Judge-Made Law

From Max-EuP 2012

by Stefan Vogenauer

1. Terminology

Judge-made law is law laid down by the courts. French and German lawyers speak of droit prétorien and Richterrecht, respectively. Frequently they also use the collective noun for the judiciary (la jurisprudence, die Rechtsprechung) to designate the sum of judicial decisions that have legal effects beyond the actual facts of the decisions. Since the law in question arises from cases decided by the courts, the term ‘case law’ or Fallrecht is used synonymously. The effect of these cases on subsequent decisions is ‘precedential’ or präjudizierend, whence the term ‘precedent’ or Präjudizienrecht.

2. Problems associated with judge-made law

In modern states judge-made law primarily raises constitutional issues. According to the doctrine of the separation of powers, the legislative and the judicial functions must be strictly separated and performed by different institutions. Viewed against this background, lawmaking by the judiciary appears to be a usurpation of powers that are reserved for the legislature. Since judges, as opposed to members of legislative assemblies, usually have no democratic legitimacy, judge-made law also seems to violate fundamental values of modern democracy. Finally, judicial lawmaking is problematic with regard to the rule of law: in contrast to decisions that are predetermined by legislation, the rules emerging from a court in a particular case are not necessarily predictable for the citizen. Closely related to the issue as to whether the courts have the power to make law is the question to what extent, if any, judge-made rules should be legally binding in future cases (precedent, rule of).

3. Judge-made law in England

In England and in the other common law systems, judge-made law has always been acknowledged to be a source of law in addition to statutes and customary law. Until far into the 20th century the legislatures of these countries exercised their lawmaking powers rather sporadically. The making of new law, particularly in the area of private law, was mostly left to the courts. From the late 16th century onwards this practice was increasingly criticized as undermining the constitutional position of the Sovereign. In response, it was argued that judges were not in fact making law but were only ‘declaring’ the common law that they found and that had been in existence since time immemorial. Obviously, this ‘declaratory theory of law’ relies on a fiction. During the 19th century it was superseded by a doctrine that can be traced back to John Austin. According to Austin, the judges were merely assisting the sovereign lawgiver who had tacitly delegated a part of his powers to them. Be that as it may, in the course of the 19th century the courts were much more reluctant to exercise their lawmaking powers than before. The ‘judicial self-restraint’ of the English courts is probably one of the most important reasons why the role of the judiciary has never been seriously challenged. Concerns of judicial arbitrariness were alleviated by the consolidation of the rule of precedent (precedent, rule of) which ensured that decisions were binding on subsequent courts. From about the middle of the 20th century the judiciary once again increasingly engaged in lawmaking. At the same time the strict binding force of precedent was relaxed, and today British judges admit their lawmaking function more openly than in the past. At the same time, they are increasingly faced with criticisms of ‘judicial activism’.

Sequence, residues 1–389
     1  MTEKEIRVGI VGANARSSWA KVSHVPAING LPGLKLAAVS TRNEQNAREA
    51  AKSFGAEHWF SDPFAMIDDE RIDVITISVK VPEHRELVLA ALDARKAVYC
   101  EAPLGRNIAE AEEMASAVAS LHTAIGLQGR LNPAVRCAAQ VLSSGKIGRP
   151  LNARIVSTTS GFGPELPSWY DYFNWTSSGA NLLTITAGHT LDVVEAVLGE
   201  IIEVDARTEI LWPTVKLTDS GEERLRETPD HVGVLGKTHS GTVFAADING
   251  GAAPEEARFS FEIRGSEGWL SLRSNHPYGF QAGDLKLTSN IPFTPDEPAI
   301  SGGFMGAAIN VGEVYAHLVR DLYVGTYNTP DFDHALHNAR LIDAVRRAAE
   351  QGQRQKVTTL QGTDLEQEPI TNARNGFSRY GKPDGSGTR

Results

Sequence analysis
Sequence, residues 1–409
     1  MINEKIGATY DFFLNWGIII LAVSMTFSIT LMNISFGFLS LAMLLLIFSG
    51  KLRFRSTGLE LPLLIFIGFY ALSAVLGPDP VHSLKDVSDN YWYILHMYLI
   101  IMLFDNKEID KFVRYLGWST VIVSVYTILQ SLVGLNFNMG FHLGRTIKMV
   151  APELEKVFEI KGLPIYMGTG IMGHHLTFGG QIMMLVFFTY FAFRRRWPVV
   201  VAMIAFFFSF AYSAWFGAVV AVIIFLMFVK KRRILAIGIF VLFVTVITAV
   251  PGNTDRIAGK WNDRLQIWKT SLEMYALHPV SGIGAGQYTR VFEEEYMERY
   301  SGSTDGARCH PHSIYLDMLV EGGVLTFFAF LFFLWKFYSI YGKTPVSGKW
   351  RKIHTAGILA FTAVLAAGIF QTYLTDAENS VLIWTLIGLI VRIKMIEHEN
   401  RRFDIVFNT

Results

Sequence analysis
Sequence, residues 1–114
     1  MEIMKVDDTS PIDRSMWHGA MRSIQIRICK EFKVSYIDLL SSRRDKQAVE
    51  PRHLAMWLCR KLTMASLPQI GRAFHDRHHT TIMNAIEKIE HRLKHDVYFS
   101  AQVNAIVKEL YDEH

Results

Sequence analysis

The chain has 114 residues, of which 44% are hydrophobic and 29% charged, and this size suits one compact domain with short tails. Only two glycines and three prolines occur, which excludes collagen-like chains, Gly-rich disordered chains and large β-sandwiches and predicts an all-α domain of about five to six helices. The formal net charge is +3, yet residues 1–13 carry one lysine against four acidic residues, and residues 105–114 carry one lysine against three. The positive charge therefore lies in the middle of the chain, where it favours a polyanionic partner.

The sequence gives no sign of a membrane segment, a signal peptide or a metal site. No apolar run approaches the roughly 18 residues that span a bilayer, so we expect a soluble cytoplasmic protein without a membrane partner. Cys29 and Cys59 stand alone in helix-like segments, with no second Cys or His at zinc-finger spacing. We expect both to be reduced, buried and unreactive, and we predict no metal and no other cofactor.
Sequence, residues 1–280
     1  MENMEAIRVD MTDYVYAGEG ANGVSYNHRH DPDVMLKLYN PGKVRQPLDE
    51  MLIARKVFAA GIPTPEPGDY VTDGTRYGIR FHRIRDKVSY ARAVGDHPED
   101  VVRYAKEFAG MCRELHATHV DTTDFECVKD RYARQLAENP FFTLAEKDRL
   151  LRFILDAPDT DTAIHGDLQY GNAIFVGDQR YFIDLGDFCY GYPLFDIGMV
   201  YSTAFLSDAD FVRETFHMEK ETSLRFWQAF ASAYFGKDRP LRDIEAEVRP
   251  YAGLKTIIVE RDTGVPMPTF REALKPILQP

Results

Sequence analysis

4. Judge-made law in continental legal systems

The point of departure of medieval and early modern laws on the Continent resembled that of England: judge-made law was of enormous practical importance in view of the relatively modest production of legislation. However, in the wake of the reception of the Corpus Juris Civilis and with the increasing enactment of territorial legislation there was much less space and need for judicial lawmaking, particularly from the late 18th century onwards when the major codifications came into force. Following the French revolution the constitutional concerns mentioned at the outset of this entry were brought into sharp relief. These militated in favour of cutting down the judicial function to that of pure application of the law. France developed what has been called a ‘cult of legislation’, whilst in Germany legal scholarship assumed the leading role in creating and further developing the law. Recent historical research has shown that the ideology of the judge as being the mere ‘mouthpiece of statutory law’ (bouche de la loi) that was frequently invoked and attributed to Montesquieu did not consistently prevail during the 19th century, so that there were indeed occasions where the courts made law. However, the creative function of judges (le pouvoir créatif ou normatif du juge) was normally played down, and it was emphasized that they were bound by the written law. It was only towards the end of the century that lawyers began to see judge-made law as an inevitable, if not necessarily desirable, phenomenon.